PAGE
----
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About Summon the Worm
Summon the Worm is a song composed by American producer, conductor, and composer Brian Tyler. Summon the Worm, from Children of Dune, was also featured as the leader for the show Peking Express – a Belgian/Dutch production. It was also featured on the promotional reel of The Golden Compass in 2007. Tyler has composed songs for a number of American movies. These include Rambo, The Lazarus Project, and Eagle Eye. He also composed music for Fast and Furious, Middle Men, The Final Destination, and Drangonball Evolution.
The following is an excerpt of a Children of Dune review published by Filmtracks.com. The review discusses Tyler’s Summon the Worm.
One creative aspect of Tyler’s score that requires special notice is his tip of the hat when various scenes in “Children of Dune” discuss the topic of events that occurred in the first novel, and especially in scenes involving Paul. Here, Tyler inserts progressions in his deep bass string performances that remind strongly of Toto’s title theme for Dune. While this similarity could possibly be coincidental given how common the usage of ascending minor thirds can be in such situations, it’s hard to believe that Tyler (who has shown the ability to reference previous franchise themes and styles in subsequent works) didn’t insert these ideas with specific referential intent in cues like “Dune Messiah” and “Sign of the Bene Gesserit.”
As mentioned before, Tyler’s music also seems to take a few cues from other established composers; the Lady Jessica theme, especially as she arrives on Arrakis, is an interesting meld of themes from Goldsmith’s Hoosiers and John Barry’s Cry, the Beloved Country. The Middle-Eastern elements, centered around the duduk, are very similar to the tone often employed by the master of such music, Mychael Danna. This probably wasn’t intentional on Tyler’s part, but it shows the kind of influences from which he was working. On the lengthy album release, 36 of his 174 cues are presented, largely out of order but in a good sequence for listening.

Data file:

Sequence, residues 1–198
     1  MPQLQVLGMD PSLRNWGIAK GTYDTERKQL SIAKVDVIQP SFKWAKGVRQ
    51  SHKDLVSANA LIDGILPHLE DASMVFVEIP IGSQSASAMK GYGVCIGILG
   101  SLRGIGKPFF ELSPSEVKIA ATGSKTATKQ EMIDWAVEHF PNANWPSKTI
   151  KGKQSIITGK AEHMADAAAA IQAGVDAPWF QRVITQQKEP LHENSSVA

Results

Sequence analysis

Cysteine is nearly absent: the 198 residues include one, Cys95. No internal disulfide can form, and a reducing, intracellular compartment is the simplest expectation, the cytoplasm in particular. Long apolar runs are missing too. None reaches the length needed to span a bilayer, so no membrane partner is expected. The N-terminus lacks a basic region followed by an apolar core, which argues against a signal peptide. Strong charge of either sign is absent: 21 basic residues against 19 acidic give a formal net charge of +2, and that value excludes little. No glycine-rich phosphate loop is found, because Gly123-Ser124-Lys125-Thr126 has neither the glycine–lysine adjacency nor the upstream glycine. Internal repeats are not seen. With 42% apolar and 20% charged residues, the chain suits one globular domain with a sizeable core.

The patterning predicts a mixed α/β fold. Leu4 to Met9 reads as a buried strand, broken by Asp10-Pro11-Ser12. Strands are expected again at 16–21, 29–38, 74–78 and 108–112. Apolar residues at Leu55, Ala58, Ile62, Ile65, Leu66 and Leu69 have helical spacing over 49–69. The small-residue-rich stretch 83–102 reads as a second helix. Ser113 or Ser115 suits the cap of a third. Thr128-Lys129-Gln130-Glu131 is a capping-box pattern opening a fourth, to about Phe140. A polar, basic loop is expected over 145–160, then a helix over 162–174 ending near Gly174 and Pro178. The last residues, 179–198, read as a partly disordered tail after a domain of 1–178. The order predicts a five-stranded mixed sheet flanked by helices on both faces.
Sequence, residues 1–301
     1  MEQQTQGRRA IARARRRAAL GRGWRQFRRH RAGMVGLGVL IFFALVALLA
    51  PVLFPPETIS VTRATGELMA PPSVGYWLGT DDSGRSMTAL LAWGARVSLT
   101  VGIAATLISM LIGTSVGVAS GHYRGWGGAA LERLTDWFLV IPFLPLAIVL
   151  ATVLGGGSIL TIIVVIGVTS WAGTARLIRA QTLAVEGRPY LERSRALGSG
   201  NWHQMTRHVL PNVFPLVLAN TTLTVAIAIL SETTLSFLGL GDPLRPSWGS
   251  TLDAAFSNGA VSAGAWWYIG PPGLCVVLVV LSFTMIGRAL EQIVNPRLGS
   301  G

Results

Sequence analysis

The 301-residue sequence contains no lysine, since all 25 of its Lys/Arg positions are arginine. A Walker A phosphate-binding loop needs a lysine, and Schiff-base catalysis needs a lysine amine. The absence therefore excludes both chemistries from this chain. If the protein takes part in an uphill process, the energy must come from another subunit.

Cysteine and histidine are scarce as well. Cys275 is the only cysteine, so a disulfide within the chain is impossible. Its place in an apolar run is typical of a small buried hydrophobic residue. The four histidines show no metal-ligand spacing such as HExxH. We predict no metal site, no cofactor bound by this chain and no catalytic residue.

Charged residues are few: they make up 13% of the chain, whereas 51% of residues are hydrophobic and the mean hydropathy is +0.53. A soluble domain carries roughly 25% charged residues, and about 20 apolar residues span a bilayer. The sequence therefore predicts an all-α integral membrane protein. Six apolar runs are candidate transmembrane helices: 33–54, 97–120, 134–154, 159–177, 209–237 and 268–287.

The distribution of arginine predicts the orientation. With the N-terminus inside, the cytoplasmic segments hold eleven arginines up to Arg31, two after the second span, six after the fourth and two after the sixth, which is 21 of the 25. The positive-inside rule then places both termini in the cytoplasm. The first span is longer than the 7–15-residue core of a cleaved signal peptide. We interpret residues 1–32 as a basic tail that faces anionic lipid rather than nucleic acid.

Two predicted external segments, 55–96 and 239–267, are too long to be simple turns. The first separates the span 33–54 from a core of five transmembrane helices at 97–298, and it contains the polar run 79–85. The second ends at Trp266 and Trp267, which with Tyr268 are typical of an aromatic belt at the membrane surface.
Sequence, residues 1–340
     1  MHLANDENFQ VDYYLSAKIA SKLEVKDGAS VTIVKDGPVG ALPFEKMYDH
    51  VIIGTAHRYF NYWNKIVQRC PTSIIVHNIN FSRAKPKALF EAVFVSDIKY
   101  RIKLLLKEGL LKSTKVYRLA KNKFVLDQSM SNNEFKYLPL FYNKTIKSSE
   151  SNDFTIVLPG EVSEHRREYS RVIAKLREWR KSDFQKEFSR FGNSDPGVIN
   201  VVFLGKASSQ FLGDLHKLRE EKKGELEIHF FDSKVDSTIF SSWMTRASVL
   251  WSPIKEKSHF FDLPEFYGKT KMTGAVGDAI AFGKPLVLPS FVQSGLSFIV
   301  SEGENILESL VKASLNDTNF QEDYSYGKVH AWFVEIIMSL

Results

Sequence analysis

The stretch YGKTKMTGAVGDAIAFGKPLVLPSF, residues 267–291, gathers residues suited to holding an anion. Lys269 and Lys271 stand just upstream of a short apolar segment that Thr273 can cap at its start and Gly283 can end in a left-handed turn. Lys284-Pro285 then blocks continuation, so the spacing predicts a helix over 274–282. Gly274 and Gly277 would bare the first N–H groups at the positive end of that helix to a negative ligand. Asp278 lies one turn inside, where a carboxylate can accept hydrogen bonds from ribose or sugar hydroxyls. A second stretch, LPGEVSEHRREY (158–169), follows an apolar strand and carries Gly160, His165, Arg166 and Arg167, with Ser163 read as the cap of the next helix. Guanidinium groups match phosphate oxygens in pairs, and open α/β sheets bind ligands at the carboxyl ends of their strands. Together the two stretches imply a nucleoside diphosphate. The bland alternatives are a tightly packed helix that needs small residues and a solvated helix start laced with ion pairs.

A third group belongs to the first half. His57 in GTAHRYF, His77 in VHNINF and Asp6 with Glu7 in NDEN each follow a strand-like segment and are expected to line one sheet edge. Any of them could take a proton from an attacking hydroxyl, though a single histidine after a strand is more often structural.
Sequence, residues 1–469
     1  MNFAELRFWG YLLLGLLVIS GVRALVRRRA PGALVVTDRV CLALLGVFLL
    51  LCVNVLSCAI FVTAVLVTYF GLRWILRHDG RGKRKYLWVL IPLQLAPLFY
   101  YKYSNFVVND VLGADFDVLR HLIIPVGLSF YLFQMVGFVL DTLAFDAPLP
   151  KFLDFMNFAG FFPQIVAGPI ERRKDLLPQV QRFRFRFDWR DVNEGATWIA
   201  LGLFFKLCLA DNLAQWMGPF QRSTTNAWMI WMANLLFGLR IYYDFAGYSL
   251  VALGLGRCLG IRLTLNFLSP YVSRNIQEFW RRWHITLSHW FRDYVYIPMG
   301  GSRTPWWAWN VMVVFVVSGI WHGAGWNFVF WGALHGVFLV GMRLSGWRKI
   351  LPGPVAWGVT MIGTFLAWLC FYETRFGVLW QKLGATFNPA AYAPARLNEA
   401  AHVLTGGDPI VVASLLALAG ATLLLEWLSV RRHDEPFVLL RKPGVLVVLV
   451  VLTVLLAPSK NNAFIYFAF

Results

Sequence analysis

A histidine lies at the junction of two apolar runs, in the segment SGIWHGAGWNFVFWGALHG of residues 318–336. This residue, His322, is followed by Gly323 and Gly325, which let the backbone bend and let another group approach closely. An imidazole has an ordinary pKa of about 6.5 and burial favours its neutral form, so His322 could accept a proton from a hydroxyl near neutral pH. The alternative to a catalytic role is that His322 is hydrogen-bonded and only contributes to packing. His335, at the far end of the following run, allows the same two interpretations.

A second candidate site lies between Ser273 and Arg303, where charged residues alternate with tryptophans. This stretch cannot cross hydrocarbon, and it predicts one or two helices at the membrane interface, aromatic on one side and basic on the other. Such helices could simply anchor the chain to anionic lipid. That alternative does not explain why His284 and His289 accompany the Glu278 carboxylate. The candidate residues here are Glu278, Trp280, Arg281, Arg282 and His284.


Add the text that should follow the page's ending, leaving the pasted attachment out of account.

All pertinent cues of significant length in the film are included, spanning most of the styles and themes equally. The elegant themes for the full ensemble are presented at the front, with more of Leto’s guitar and percussion music presented in the latter half. The product was an overwhelming success for Varèse Sarabande, so much so that the label’s original pressing of the CD sold out within a week after the show’s first airing. And there was good reason for this success; Tyler’s music is among the best television scores to hit the air waves in the history of the medium, better even than Lee Holdridge’s “The Mists of Avalon” a few years before (another album that kept Varèse on solid financial footing). —Filmtracks.com.
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